15 February 2018: More on pectin, and also arabinan: Jonathon Briggs
recently completed the Glycoside Hydrolase Family 147
and Glycoside Hydrolase Family 146
pages, which are involved in the utilization of pectin and galactan, respectively, by human gut Bacteroidetes. Both pages were upgraded to Curator Approved
status today by Responsible Curator Harry Gilbert
. Learn more about these newly described families at GH146 and GH147.
13 February 2018: The intricacies of pectin deconstruction: Rhamnogalacturonan II (RGII) represents the most structurally complex plant cell wall polysaccharide currently known, the complete saccharification of which requires a battery of CAZymes. Under the guidance of Responsible Curator Harry Gilbert, four new GH pages related to RGII deconstruction were Curator Approved today. Special thanks go to Authors Ana Luis (GH106, GH139, and GH141) and Didier Ndeh (GH138) for their hard work in putting these pages together. Learn more about the individual, specific contributions of each of these families (three of which have been recently uncovered) to microbial RGII utilization on their respective pages.
31 January 2018: A flurry of CBM activity in the new year: Over the past two weeks, CAZypedia has enjoyed the promotion of no less than nine(!) Carbohydrate-binding module (CBM) family pages to Curator Approved status, thanks to the tenacity of CBM vanguard Harry Gilbert and the keen editorial oversight of Elizabeth Ficko-Blean. In order of appearance, CBM2, CBM10, CBM15, CBM29, CBM66, CBM60 (co-authored by Cedric Montanier), CBM46, and CBM35 all have completed pages, as does the deleted family CBM7. These pages cover many classic CBM studies and include examples of type A, type B, and type C CBMs. The CBM legacy runs deep - learn more about each family on their respective pages.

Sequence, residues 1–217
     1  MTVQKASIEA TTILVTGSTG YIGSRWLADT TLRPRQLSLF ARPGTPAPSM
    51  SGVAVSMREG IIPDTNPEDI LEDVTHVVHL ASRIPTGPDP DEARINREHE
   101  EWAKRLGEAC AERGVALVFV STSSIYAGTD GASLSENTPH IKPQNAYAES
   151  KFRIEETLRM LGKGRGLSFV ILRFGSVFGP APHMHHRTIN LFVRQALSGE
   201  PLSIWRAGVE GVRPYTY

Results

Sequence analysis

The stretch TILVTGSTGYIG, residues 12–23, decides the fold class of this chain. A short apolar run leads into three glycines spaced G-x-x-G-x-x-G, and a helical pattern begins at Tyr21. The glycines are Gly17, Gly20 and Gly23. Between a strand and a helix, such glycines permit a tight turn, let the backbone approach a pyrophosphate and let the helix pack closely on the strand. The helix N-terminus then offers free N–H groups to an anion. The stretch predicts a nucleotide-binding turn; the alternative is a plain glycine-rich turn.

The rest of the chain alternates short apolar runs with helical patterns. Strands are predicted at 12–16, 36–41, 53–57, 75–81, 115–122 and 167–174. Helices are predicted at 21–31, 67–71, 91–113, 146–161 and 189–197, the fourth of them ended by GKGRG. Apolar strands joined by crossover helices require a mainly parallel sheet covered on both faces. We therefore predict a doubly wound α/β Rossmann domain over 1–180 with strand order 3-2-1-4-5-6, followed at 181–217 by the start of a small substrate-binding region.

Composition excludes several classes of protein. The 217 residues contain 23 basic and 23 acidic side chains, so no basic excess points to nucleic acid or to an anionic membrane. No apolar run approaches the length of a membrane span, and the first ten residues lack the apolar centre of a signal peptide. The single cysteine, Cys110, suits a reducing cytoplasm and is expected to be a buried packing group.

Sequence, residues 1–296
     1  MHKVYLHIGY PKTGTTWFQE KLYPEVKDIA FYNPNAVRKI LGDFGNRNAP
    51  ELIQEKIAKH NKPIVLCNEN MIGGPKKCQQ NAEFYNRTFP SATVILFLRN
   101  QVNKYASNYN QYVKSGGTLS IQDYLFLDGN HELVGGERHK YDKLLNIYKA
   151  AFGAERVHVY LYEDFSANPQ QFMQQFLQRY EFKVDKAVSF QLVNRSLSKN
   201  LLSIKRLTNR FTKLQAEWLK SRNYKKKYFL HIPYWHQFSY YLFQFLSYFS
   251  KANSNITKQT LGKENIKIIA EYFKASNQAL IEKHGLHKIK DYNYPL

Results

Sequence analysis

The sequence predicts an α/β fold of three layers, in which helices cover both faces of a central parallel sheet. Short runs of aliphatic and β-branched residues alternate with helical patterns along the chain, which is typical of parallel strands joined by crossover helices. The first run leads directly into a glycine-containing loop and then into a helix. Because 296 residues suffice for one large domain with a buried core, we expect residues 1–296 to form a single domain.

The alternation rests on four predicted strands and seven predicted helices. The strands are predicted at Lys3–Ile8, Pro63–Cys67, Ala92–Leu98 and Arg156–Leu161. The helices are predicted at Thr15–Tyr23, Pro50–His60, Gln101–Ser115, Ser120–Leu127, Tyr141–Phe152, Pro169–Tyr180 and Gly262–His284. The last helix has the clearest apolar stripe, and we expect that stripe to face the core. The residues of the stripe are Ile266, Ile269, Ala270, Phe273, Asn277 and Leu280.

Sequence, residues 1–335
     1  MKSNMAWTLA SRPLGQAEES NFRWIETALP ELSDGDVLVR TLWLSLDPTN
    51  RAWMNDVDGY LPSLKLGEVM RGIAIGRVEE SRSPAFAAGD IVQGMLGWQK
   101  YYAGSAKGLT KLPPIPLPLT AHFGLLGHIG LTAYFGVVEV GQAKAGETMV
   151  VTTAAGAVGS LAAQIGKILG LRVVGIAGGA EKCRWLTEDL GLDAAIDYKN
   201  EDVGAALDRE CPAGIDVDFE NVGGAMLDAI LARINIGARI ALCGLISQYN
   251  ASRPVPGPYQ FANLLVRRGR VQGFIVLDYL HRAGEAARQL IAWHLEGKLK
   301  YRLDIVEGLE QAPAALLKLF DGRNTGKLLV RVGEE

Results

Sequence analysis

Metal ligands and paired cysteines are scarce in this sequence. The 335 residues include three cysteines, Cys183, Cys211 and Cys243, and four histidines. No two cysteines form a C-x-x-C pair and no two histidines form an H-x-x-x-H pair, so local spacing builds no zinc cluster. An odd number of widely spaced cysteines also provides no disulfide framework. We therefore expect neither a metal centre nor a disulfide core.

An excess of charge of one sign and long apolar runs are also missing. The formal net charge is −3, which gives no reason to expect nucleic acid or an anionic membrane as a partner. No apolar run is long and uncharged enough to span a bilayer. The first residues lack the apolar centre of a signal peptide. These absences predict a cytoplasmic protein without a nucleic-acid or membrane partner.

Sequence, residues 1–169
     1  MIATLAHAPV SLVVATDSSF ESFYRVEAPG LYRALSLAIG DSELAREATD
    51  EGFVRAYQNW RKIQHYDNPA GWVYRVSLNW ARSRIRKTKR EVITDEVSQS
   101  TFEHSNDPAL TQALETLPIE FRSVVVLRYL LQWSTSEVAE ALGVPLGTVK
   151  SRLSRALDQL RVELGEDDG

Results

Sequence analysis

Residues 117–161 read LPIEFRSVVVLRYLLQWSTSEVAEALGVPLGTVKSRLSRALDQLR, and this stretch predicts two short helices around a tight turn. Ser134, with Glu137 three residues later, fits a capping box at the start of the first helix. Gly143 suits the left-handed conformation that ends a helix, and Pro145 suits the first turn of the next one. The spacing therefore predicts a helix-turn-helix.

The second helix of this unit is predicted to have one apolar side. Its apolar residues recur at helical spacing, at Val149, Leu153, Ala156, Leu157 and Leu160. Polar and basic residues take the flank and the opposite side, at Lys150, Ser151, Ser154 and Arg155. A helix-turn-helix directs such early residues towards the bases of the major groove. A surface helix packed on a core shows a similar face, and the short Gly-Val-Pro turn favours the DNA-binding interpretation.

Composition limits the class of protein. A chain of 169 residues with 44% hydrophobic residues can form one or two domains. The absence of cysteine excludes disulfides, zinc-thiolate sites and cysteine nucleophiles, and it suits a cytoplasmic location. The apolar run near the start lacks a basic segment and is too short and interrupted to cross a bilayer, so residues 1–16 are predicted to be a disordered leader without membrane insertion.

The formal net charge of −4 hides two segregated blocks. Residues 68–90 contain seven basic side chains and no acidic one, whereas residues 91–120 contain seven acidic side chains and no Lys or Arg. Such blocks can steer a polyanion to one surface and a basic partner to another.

26 November 2017: CBM #1: Today, CBM pioneer Markus Linder completed the Carbohydrate Binding Module Family 1 page. CBM1 comprises the canonical fungal cellulose-binding modules (originally known as cellulose-binding domains), which were first found as stable cystine-knot-containing protein fragments released by controlled proteolysis of cellulases. The planar nature of the substrate-binding face, and linear arrangement of key aromatic residues, represent the archetype of CBMs that mediate glycosidase targeting to crystalline polysaccharides. Building on the original discovery of the modules now classified into CBM1 in Sweden, Markus Linder (then a Ph.D. student) and Tuula Teeri, working together across the Baltic Sea in Finland, were among the first to undertake structure-function studies and protein engineering of CBM1 using modern molecular techniques in the mid- to late-1990s. We're pleased to finally have this one in CAZYpedia - learn more about this seminal CBM family here.
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